Amidst the flood of violent imagery—every day on TV, on the newsstands and in the drugstores, everywhere—this academic prudery seems like combing your hair in a tornado. Depicting violence may upset or offend people: it should, I think. Violence, in fact, is revolting. An accurate depiction must be that, too. If not, it depersonalizes both the perpetrators and, especially, the victims of violence. Years ago George Orwell pointed out how convenient denaturing academese is for violent oppressors (1956). What is the difference between talking about slaving, which makes women and children objects of sexual and physical abuse, as "servility" (Cohen 1970:165-166) or "recruitment to relations of dependence" (Sullivan 1982) and talking about "the liquidation of the kulaks" or "the final solution to the Jewish problem"? Phrases like these reflect, maintain, or hide the oppressors' insensitivity to the plight of the people they hurt. The "fiction of critical distance produces further fictions of closure," as if the violence were over (Hebard 1997:88). Now that's "coarsening people's sensibilities and implicitly encouraging violence." In this sense, the social scientific language metapornographers favor is also pornography, feeding consumers' coldness.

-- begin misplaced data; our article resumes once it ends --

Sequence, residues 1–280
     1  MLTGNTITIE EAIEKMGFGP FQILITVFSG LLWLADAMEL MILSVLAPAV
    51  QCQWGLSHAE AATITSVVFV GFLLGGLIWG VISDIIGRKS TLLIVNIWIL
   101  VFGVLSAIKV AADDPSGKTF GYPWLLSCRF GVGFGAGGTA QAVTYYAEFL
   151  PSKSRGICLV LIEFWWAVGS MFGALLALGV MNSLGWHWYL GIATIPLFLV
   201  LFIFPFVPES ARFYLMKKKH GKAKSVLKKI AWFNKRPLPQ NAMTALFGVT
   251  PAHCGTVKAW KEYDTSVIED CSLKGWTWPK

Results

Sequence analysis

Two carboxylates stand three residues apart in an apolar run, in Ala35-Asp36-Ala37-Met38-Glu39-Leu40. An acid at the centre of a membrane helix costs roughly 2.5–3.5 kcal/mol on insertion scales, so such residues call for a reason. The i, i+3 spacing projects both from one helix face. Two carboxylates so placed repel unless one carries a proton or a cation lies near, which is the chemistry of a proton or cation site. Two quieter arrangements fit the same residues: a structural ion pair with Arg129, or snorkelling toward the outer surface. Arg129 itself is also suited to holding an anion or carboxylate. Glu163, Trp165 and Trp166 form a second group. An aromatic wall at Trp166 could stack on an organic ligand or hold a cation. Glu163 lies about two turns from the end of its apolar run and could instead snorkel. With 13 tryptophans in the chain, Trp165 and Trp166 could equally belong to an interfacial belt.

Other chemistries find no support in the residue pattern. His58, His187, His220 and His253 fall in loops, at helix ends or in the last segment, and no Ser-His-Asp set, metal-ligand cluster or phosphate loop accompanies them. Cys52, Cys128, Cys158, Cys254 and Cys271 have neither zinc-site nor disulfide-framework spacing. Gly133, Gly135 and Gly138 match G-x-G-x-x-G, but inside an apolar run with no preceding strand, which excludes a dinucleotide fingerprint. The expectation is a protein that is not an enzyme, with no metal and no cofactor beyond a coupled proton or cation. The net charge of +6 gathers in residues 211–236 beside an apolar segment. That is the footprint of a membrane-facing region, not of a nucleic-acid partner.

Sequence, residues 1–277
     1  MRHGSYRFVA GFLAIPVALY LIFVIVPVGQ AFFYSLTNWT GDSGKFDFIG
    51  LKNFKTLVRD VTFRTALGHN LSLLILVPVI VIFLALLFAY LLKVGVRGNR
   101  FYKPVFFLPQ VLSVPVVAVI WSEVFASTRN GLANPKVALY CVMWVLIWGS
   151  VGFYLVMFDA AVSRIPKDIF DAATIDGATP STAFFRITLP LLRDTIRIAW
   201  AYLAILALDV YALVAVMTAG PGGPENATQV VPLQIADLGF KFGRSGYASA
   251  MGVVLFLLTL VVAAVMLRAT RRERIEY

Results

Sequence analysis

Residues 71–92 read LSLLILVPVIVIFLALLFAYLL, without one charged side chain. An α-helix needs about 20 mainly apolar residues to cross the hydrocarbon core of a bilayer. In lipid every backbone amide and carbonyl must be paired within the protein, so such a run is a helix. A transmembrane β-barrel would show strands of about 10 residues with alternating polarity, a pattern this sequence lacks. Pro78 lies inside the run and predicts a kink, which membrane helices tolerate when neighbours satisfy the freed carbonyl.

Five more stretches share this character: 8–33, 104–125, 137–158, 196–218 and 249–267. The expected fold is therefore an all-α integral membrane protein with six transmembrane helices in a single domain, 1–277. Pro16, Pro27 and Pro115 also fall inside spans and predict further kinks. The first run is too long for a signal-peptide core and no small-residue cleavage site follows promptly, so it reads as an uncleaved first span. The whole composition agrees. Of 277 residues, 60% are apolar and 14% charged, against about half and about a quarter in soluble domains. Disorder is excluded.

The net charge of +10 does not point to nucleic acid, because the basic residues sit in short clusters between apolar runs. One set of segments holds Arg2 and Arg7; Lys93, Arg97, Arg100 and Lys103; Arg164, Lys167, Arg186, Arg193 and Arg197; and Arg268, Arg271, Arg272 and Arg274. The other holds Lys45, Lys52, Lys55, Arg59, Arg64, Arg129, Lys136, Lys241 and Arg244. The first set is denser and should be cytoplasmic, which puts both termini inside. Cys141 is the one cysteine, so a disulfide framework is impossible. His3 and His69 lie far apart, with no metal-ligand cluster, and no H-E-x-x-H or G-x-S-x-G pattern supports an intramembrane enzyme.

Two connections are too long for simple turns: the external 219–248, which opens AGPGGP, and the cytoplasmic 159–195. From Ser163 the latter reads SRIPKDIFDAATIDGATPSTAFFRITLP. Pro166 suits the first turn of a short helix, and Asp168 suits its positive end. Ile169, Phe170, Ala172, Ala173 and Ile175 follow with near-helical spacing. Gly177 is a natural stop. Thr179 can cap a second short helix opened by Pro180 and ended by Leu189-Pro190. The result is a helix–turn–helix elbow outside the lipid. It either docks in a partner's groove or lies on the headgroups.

And declaring violence off limits doesn't help the victims, though it may let faculty and students feel good about ourselves by obviating the need to assess our own complicated responses to cruelty. One thing I've learned from twice teaching a course on violence is that anyone who has ever suffered cruelty—and most people have—responds ambivalently to its representation. More positively, trying to recreate the experience of violence, rather than describing it from a safe academic distance, might—just might—mobilize emotional responses with the same sort of reformist political potential as the associated conceptual responses (Nordstrom 1997:xvii-xviii).

A Personal Note

There is a powerful yet often unstated cultural perception that hearing about violence is, in some curious existential inversion, worse than enduring it. . . .

. . . [W]hen I describe a body tortured by fellow humans, it becomes a field for cautionary tales of "pornography of violence." . . .

One question I encounter from western audiences I find particularly offensive. Phrased both delicately and not so delicately, people want to know why I do this research. Do I get some kind of thrill from it? (Nordstrom 1997:17-19)

Everything we write
will be used against us
or against those we love